1. Hi Alicia – sadly, none of us ever planned to need expertise in heart disease! You are in very early days yet, so your writing is indeed therapeutic, helping to move you towards your goal of sense-making. Trouble is, much of this new life makes no sense now (my doctor once described my cardiac misdiagnosis and recovery as being like a move to a foreign country, for example) and in fact, this may never make sense to our absolute satisfaction. Writing about it can help process this new reality until we’re able to finally deal with it as just that – reality.


      1. My purpose is to make what sense of it I can – and then, do whatever is necessary while putting it completely behind me most of the time. I do that with the walking and the CFS.

        If I spent my time on them, I’d never do anything else.

        I’m rather proud that, even though it took me 15 years, I got an incredibly complex literary novel published in late 2015, Book 1 of a trilogy. The sooner I get back to writing fiction – for which I need a brain – the sooner I can ignore the new ball of wax I got lobbed.

        My reality is inside my head; the outside world is not kind to me.

        I thought I would have some time – new stents, better blood flow – and instead I’m losing day after day after day to stupid side effects.

        I don’t ask ‘why me?’, but I’m getting awfully tired of it all.


  2. Originally, I read this article out of interest in my sister-in-law’s new cardiac diagnosis. I hope she finds it as helpful and insightful as I did. I quickly realized that the “stages of patienthood” also refer to me, as a five year (so far) metastatic breast cancer patient. Thank you for sharing this thoughtful work.

    Liked by 1 person

    1. Thank YOU Barbara for taking the time to share your unique perspective. I have observed for years that whenever I write about the heart patient’s experience, people living with other serious diagnoses invariably chime in too. Maybe that’s why I have a surprisingly large number of subscribers who are breast cancer patients! BTW, I loved your “Life-Living” essay* – and I agree with that young woman at the beach who told you “You are amazing!” I also loved that line: “It was a long day at the cancer center Monday, after a long day at the beach Sunday afternoon, trying to live.”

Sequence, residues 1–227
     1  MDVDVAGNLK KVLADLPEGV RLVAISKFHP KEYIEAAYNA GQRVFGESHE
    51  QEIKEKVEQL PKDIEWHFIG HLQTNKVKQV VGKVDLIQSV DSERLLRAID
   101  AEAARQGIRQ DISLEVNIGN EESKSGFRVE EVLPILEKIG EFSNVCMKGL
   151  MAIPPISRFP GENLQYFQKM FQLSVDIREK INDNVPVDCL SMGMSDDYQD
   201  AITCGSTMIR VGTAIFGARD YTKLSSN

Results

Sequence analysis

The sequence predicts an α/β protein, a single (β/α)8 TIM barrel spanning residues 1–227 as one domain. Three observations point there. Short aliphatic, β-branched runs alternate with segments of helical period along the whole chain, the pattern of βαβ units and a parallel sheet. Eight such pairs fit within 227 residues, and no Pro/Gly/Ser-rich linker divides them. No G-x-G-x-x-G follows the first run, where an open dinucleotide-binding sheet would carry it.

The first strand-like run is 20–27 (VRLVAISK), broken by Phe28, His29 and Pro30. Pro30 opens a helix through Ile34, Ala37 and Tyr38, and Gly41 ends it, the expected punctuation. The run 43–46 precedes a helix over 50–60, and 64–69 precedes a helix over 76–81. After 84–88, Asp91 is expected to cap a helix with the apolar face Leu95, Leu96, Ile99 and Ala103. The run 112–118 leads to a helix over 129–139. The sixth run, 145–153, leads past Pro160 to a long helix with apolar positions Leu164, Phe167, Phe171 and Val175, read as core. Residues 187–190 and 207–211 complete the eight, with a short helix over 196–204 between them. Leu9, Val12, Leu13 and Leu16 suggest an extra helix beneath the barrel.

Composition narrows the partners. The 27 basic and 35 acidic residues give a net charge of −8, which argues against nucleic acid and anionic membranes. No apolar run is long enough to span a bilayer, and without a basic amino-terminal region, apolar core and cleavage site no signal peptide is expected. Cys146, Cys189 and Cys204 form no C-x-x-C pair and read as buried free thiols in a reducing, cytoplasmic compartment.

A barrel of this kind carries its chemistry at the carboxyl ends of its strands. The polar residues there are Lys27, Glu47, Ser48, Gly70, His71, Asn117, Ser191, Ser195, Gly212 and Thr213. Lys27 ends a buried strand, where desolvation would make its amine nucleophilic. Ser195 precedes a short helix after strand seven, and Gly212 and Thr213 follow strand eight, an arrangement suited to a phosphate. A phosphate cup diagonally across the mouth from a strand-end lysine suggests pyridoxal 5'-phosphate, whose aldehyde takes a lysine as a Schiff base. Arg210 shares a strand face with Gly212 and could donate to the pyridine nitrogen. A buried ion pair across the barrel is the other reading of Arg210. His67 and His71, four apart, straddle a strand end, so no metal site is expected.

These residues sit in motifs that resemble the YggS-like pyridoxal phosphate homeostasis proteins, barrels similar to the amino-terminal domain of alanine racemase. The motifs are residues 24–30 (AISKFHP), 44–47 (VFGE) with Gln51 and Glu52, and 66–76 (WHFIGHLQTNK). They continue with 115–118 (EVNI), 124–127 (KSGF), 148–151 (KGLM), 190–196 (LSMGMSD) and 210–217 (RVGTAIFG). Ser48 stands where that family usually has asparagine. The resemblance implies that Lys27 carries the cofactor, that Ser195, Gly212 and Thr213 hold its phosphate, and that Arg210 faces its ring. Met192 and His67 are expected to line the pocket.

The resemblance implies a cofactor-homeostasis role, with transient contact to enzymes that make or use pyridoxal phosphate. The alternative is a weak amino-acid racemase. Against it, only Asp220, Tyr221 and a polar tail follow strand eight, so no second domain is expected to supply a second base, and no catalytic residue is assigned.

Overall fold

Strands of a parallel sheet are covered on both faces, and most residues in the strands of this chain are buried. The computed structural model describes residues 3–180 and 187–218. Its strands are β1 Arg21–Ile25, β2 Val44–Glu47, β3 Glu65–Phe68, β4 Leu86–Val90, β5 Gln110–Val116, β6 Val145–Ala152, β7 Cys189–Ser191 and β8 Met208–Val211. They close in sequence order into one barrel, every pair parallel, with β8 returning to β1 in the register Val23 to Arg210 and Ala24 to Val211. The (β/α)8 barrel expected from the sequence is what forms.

“Trying to live” – such a profoundly important part of just putting one foot in front of the other for so many of us. Thanks again!

      * With Barbara’s kind permission, I reposted her Life-Living essay here.

      Liked by 1 person

  3. How timely this posting is, Carolyn. I’ve just been diagnosed with a thoracic artery aneurysm. Surgery will be sometime in the next 3 months or so.
    I’m definitely in Stage 1 of the learning experience however, probably from reading your blog, I’m also doing some of the work listed in stages 2 and 3. For example, I’m not asking someone/thing to “just tell me what to do”. I’m using online research to try to figure out what will be best for me while I wait and how I can best cope afterwards.

    Thanks to you, I’m probably more aware than most that the experiential learning is going to be unique to me and the most important part of my journey. One thing I do know, even though it goes against my self-sufficient nature, is that I’m going to push for all the help I can get, both post-op and in the future after that!
    When I started following you, I wasn’t a survivor of adult heart disease, but the previous generation of women in my family all had it and I had a heart defect at birth that self-healed. I had learned that these birth defects can come back to affect your cardiovascular system as an adult; in different ways from the original problem. So I felt fortunate when I discovered your work on women’s heart health because I wanted to be somewhat prepared if an issue arose.

    Thank you for helping with that prep work.

    Liked by 2 people

    1. Hello Deborah – I’m so sorry to hear of your diagnosis, but I’m guessing by this 3-month timeline that your docs are not considering this to be an emergency diagnosis (although the word “aneurysm” always sounds like it should be an emergency!) Becoming more and more informed will help you tolerate the waiting. Meanwhile, I’m going to go look this up!! Please let me know how things go for you, okay? Thanks for letting me know – best of luck…